Silver Confiscation Under Executive Order 6814

Executive Order 6814 Required Turning in of Silver Bullion to the U.S. Government.

Silver U.S. and Foreign Coins Were Exempt From the Order.

Nearly 123 million ounces of silver were turned into the U.S. Mint from 1934-1938

The U.S. Needed Silver To Mint Coins

How Did The Government Know Who Had Silver Bullion?

Executive Order 6814 is not a fictional future act of government, like the passing of the 211th, 212th and 213th Amendments to the Constitution, but an actual Presidential Order by Franklin Delano Roosevelt in 1934 confiscating silver in the United States.

The order dated August 9, 1934, was entitled Executive Order 6814 Requiring the Delivery of All Silver to the United States for Coinage and required all persons to deliver silver to the U.S government pursuant to the Silver Purchase Act of 1934, subject to certain exemptions.

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Following are frequently asked questions about Silver Confiscation Under Executive Order 6814:

What Silver Had To Be Turned In?

Silver “situated in the United States”;

Silver of a fineness of 80% or more; and

Silver held in quantities over 500 troy ounces by any one person.

What Silver Was Exempt?

U.S. silver coins (of which U.S. dimes, quarters, half dollars and dollar coins were 90% silver at the time) and foreign silver coins;

Silver that was of a fineness less than 80%;

Unprocessed silver (less than 80% fineness) that was mined in the United States after December 21, 1933;

Silver contained in articles fabricated and held in good faith for a specific and customary use and not for their value as silver bullion (presumably silver ornaments, jewelry and/or silverware); and

Silver held for industrial, professional, or artistic use in amounts less than 500 troy ounces per person.

N.B. There was no “investment” exemption. Holding silver bullion of 80% of higher fineness in bar or round form in any amounts that was not for “industrial, professional, or artistic use” was required to be turned in.

How Much Did People Get For Their Silver?

People turning in their silver got $1.29 an ounce. Payment was made in the form of “standard silver dollars, silver certificates, or any other coin or currency of the United States.” There was a catch however; there was fee of 61 8/25 percent (61.32%) taken from the $1.29 an ounce for “seigniorage, brassage, coinage, and other mint charges.” After the fee, it worked out to a payment of about fifty cents an ounce, which was about five cents higher per ounce than before Executive Order 6814. Thus, the $.50 price was a non market, nationalized price.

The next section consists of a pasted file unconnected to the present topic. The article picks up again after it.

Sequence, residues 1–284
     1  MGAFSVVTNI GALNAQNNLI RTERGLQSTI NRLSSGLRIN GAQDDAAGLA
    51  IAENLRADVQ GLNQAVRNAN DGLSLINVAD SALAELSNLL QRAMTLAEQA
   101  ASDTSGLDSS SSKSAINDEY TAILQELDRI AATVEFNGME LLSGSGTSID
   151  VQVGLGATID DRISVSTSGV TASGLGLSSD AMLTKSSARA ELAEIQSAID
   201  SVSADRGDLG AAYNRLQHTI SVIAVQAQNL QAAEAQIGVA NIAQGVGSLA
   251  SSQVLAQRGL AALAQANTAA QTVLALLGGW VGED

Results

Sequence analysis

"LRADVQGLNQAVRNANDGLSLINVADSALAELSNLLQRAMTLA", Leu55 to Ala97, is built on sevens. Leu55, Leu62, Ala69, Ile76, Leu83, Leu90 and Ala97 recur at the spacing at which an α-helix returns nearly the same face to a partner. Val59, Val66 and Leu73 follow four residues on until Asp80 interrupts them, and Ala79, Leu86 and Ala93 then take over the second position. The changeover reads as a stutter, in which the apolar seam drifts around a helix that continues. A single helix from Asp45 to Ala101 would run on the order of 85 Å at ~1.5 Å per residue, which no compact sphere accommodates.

How Much Silver Was Confiscated?

Nearly 113 million ounces.

112,937,925 ounces of silver were “nationalized” pursuant to Executive Order 6814.

Nationalized Silver
1935: 112,301,335 ounces
1936: 650,452 ounces
1937: 68,777 ounces
1938: 17,361 ounces
Total: 112,937,925

Silver Acquired Pursuant to The Silver Purchase Act of 1934

An additional 1.353 billion ounces of silver were purchased under the Silver Purchase Act of 1934.

Silver acquired under the silver purchase act of 1934

Over 1.3 billion ounces of silver were acquired pursuant to the Silver Purchase Act of 1934.

Source: Silver Money (Cowles Commission for Research in Economics Monographs, No. 4)

What Did The Government Do With The Silver?

The U.S. government presumably needed the silver to mint coins or to “print money”. In 1918 pursuant to the Pittman Act, the U.S. melted down over a quarter of a billion (270 million) U.S. Silver dollars and converted them into silver bullion and sold it to England who needed the silver to alleviate a silver coin shortage in India which was a colony of England’s at the time.

Under the Pittman Act, the amounts of silver sold to England would have to be replaced by minting new silver dollars. In 1921 the replacement process began as the U.S. Mint recommenced minting Morgan Silver Dollars which hadn’t been minted since 1904. Also in 1921, the U.S. Mint began producing Peace Dollars.

The Pittman Act of 1918 was sponsored by Key Denson Pittman, a Senator from Nevada, a state with a large silver mining industry, such that its nickname is the “Silver State”. Senator Pittman was a fierce advocate for the silver industry. The Pittman Act provided that all that silver that was melted down and sold to England would have to be replaced. Most of it would come from Pittman’s home state of Nevada’s mines AND at a subsidized price of $1 an ounce!

The Silver Purchase Act of 1934 was also sponsored by Senator Pittman.

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The chart below shows that the bulk of silver the U.S. used to mint coins the 1920’s went into replacing the silver dollars melted down pursuant to the Pittman Act. Little silver went into the minting of dimes, quarter and half dollars.

From 1921-1923 an over 171 million ounces of silver was used to produce 90% silver U.S. coins. Of the silver used, 95% went into producing silver dollars which meant that there was not enough silver to mint sufficient quantities of dimes quarter and half dollars. From 1921-1923, 171,821,261 ounces of silver were used to mint U.S. dimes, quarters, half dollars and dollars. Of that, 163,338,884 ounces or over 95% of the silver used went to produce silver dollars!

Amount of Silver Used to Mint U.S. Dimes, Quarters, Half Dollars and Dollars 1921-23